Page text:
Apple Watch And A Tattoo? We Have Some Alternatives

The Apple Watch heart monitor might not work if you have a tattoo on your wrist. Here are some things we suggest to hipsters with this problem.

David Wagner, Executive Editor, Community & IT Life

May 2, 2015

3 Min Read
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10 Apple Watch Apps For Business, Productivity

10 Apple Watch Apps For Business, Productivity

10 Apple Watch Apps For Business, Productivity (Click image for larger view and slideshow.)

Oh the humanity! Hipsters must now choose between their tattoos and their Apple Watch.

It has been reported that some types of tattoo ink mess with the LED light sensors that determine blood flow in the arm and monitor the heart rate in the Apple Watch. Considering the Apple Watch is just a really expensive fitness tracker with a couple of side functions, like alerting you to a text (and by the way, those functions aren't always working either), this is a bigger deal than it first sounds.

No heart rate monitor. No real fitness tracker.

But don't worry folks. The Geekend is here for you. I have several plans for you to get around this problem.

First, if you were planning on that wrist tattoo but you haven't gotten it, I have several other, even cooler options.

First, I suggest a QR code on your tongue.

For Geekend readers this has several advantages. First, if you have a job interview with a stuffy company, they will never see it. Second, you can set up the QR code to hold information. You could have it go to your website. The next time you go to Interop or another show, instead of carrying business cards, you can have everyone you meet scan your tongue. Most importantly, if you ever need to ship yourself, UPS will know exactly where to send you.

Or try any of these 25 ideas, only a couple of which are on the wrist.

I love the dude with the "pen" tattooed over his ear, at the 40 second mark.

If you have your heart set on a tattoo on your wrist, might I suggest a smart tattoo to power the Apple Watch? In 2014, a research from University of California at San Diego created a smart tattoo. It is a temporary tattoo attached to the skin. The tattoo can actually generate and store power from the lactic acid you build up in your muscles when you exercise. Right now, it couldn't power much of anything, but researchers believe one day they'll be able to power a smartphone, which means they could power your watch, too.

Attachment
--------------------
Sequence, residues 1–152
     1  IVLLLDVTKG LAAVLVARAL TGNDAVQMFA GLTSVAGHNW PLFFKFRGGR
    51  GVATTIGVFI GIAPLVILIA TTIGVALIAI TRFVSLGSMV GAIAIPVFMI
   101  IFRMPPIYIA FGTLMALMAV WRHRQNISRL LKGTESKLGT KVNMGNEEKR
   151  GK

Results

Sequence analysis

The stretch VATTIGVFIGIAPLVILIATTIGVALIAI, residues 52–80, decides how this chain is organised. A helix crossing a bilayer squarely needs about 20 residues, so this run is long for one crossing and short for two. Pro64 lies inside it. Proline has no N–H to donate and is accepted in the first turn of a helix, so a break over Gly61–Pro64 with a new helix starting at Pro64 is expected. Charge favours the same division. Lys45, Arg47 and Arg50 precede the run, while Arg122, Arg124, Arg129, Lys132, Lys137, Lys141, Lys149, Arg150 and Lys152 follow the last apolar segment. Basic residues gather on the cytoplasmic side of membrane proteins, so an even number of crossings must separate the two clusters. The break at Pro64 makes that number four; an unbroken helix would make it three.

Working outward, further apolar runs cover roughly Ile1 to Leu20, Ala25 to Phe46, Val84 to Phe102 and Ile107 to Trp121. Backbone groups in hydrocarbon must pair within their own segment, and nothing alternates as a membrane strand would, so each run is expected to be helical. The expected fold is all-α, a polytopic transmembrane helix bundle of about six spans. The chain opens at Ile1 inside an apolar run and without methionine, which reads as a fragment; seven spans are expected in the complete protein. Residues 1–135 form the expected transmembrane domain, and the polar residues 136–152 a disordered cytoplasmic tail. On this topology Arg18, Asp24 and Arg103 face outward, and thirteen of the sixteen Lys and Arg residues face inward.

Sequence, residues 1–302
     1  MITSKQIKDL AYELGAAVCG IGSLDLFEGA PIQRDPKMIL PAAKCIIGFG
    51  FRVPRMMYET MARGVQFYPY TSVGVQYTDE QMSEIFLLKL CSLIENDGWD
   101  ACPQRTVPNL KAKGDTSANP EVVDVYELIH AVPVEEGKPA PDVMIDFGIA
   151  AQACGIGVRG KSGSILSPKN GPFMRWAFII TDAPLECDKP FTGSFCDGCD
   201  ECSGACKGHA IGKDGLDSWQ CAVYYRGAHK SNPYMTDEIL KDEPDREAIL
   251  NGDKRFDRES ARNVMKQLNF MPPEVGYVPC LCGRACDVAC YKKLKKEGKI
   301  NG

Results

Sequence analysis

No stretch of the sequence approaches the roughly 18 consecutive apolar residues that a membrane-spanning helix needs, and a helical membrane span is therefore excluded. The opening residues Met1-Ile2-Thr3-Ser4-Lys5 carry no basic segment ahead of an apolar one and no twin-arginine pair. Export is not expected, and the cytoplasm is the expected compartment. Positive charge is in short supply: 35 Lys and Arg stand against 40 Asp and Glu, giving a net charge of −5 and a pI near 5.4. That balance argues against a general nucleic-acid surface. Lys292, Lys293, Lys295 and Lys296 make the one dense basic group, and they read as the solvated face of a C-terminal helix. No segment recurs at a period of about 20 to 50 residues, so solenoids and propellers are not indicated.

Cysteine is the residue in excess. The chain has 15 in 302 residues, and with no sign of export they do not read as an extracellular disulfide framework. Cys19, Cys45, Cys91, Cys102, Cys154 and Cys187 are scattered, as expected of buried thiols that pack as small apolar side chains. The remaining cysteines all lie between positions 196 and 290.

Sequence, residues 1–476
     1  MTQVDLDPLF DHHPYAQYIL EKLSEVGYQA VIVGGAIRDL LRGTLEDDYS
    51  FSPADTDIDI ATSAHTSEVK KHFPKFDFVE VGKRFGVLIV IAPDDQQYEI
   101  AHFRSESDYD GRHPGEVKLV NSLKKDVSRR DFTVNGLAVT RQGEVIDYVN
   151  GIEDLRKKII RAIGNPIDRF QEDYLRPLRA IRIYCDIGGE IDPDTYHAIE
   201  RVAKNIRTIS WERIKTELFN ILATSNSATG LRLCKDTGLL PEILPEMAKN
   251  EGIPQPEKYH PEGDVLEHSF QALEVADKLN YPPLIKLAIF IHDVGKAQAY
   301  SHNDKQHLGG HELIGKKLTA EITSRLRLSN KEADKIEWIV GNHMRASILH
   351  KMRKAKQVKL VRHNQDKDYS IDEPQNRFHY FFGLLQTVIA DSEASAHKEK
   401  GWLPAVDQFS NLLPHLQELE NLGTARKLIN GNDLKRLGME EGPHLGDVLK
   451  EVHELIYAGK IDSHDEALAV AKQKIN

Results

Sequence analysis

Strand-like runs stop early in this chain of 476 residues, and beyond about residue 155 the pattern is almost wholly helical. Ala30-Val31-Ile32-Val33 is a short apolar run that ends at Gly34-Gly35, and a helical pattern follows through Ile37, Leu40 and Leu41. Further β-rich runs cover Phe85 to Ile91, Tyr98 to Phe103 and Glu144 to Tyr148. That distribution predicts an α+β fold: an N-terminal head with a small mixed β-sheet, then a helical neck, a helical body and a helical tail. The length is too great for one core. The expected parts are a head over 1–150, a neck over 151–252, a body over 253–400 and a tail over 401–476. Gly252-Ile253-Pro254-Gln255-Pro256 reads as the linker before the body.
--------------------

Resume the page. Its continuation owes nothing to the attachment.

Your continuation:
Work out and charge your fitness monitor at the same time? That's a win-win. If you decide you hate that "Carpe Diem" wrist tattoo you got when you were 18, you can't change it. But you can change your smart tattoo every day.

The company behind the Fitbit is suggesting tattoos with actual digital abilities for security, NFC payments, and health-tracking (so you can ditch the watch entirely). But considering this area of technology is being called "physically invasive wearables," we're going to assume people will balk at that.

So, what happens if you already have the wrist tattoo? I suggest using the other wrist.

If you've got ink on both arms, maybe a Fitbit is a better call.

[ Speaking of Fitbits, they were the inspiration for how one CEO is changing employee feedback. Read Betterworks CEO: Treat Feedback Like a Fitbit. ]

But I have no doubt Apple is already working on a device for removing tattoos that is ten times more expensive than current technology, and that you'll have to wait in line forever for, but "just works."

About the Author(s)

David Wagner

Executive Editor, Community & IT Life

David has been writing on business and technology for over 10 years and was most recently Managing Editor at Before that he was an Assistant Editor at MIT Sloan Management Review, where he covered a wide range of business topics including IT, leadership, and innovation. He has also been a freelance writer for many top consulting firms and academics in the business and technology sectors. Born in Silver Spring, Md., he grew up doodling on the back of used punch cards from the data center his father ran for over 25 years. In his spare time, he loses golf balls (and occasionally puts one in a hole), posts too often on Facebook, and teaches his two kids to take the zombie apocalypse just a little too seriously. 

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